I’ve been poking around the RPG scene for a while now, and I find the OSR tradition interesting. It’s neat to see how in a gaming culture which is embracing structured RP-based storytelling, there is still a strong desire for rule-governed emergent storytelling in a world whose story doesn’t revolve around the characters.
That said, OSR tends to get a little too “rules-y” for my taste. They get so obsessed with replicating the feel of old crunchy AD&D that they forget to use modern RPG techniques which have been pretty universally accepted, like fast skill resolution or character sheets which have less info than an accounting spreadsheet.
Vaults of Vaarn (DTRPG link) is the best balance I have found. It’s wild and creative, with a few solid rules to give a sense of structure. It’s gritty, but the rules apply to everyone pretty much the same way. Power can come fast and easy, but can be lost just as quickly. And it’s all wrapped up in an amazingly coherent-feeling phantasmagoric world millions of years in the future. Even if you read no further, the main takeaway should be that it is very fast to read, learn, run, and create with.
What makes the world feel so truly great is how it manages to make the mish-mash of tech levels, cultures, species, and religions feel coherent. The deserts of Vaarn are vast, and countless millennia of cultures have risen and fallen and risen again, leaving traces of their passing in the sand.
Characters can pass by obelisks which have withstood the ages, built for an unknown purpose by a long-forgotten culture. They can dig up super-weapons and rusted swords in the same dig site. They can compile books from a million dead authors in languages which no one can read.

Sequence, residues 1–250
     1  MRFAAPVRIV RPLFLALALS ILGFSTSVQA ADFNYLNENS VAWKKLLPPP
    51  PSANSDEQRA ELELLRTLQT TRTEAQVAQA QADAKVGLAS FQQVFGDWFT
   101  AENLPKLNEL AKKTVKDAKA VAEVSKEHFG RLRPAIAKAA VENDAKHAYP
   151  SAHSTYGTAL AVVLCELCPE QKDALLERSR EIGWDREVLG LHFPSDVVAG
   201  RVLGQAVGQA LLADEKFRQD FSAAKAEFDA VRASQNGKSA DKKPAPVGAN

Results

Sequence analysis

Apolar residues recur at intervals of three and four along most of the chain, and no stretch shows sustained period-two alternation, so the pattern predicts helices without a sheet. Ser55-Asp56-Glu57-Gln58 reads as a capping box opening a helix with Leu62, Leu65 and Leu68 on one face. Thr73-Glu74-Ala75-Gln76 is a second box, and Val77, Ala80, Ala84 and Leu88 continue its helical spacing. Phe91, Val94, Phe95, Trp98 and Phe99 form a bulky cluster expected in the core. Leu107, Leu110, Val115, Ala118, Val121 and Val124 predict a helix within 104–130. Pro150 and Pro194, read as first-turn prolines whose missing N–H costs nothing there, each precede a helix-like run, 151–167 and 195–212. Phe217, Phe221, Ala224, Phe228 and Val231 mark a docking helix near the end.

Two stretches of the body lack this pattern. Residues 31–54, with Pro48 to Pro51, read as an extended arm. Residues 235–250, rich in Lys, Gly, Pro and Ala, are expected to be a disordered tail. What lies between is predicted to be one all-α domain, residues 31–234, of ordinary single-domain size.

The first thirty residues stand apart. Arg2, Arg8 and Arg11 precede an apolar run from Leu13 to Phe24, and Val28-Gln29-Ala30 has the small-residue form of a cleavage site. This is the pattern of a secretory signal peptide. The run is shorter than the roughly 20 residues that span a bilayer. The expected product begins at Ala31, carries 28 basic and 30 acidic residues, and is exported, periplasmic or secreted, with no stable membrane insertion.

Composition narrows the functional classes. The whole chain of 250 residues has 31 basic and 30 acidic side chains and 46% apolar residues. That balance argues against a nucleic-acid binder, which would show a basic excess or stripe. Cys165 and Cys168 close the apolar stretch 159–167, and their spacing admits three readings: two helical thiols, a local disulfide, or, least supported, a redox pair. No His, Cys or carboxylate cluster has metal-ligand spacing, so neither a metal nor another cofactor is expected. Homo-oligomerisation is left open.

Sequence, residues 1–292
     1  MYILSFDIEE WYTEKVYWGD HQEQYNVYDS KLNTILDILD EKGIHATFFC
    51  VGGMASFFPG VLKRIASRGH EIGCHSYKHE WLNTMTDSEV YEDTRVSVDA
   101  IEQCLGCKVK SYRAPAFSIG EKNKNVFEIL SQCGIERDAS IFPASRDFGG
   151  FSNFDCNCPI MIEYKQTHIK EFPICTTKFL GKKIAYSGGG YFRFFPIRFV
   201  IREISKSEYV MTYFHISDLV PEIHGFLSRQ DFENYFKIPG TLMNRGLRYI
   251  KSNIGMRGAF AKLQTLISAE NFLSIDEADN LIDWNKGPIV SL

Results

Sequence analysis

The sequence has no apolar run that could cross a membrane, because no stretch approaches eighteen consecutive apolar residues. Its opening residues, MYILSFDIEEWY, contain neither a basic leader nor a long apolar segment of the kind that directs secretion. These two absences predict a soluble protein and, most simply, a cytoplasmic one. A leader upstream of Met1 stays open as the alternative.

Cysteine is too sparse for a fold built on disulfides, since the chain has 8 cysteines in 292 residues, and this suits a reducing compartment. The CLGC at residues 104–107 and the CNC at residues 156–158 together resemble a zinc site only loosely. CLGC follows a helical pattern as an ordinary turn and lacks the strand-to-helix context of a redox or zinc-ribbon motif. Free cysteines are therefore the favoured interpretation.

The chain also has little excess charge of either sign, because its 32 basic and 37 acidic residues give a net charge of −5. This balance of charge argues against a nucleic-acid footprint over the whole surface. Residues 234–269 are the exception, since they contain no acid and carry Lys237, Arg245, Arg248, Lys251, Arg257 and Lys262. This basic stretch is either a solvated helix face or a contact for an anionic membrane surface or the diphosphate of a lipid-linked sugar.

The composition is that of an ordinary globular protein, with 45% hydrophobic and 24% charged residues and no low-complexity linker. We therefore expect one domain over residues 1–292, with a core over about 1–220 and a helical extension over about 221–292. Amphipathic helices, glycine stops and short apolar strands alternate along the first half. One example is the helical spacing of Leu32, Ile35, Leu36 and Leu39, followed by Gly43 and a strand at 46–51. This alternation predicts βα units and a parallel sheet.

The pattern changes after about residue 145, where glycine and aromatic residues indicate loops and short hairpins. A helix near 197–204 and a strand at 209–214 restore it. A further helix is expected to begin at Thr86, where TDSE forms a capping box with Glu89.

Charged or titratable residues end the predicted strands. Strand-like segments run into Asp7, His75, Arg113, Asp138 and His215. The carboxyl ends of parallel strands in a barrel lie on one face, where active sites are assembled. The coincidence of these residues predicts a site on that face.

In that way, the RPG is the best adaptation of the Wyrd Apocalypse genre I have seen. It is evocative of the art of Moebius or early Hayao Miyazaki, with its strange super-technology accepted as just a part of life, the designs of the clothing, and the feeling of a world which has gone through so much change that it barely registers as change anymore; it just is.
You can see the echoes of Miyazaki, Moebius, and others in the half-buried ruins, strangely ageless technology, and variety of cultures. Of particular note are the example cybernetics, magical gifts, mutations, and relics from previous ages which hint at the history without revealing anything in particular.
And this would normally not be enough (I have not picked up Numenera for this reason), but the mechanics are smooth, fast, they make sense, and are the proper balance of wild and reasonable.
It’s just really great, ok? If you love Wyrd fantasy/sci-fi, far-far-far post-apocalypse, or any blend of the aforementioned, Vaults of Vaarn is for you.
It’s real good.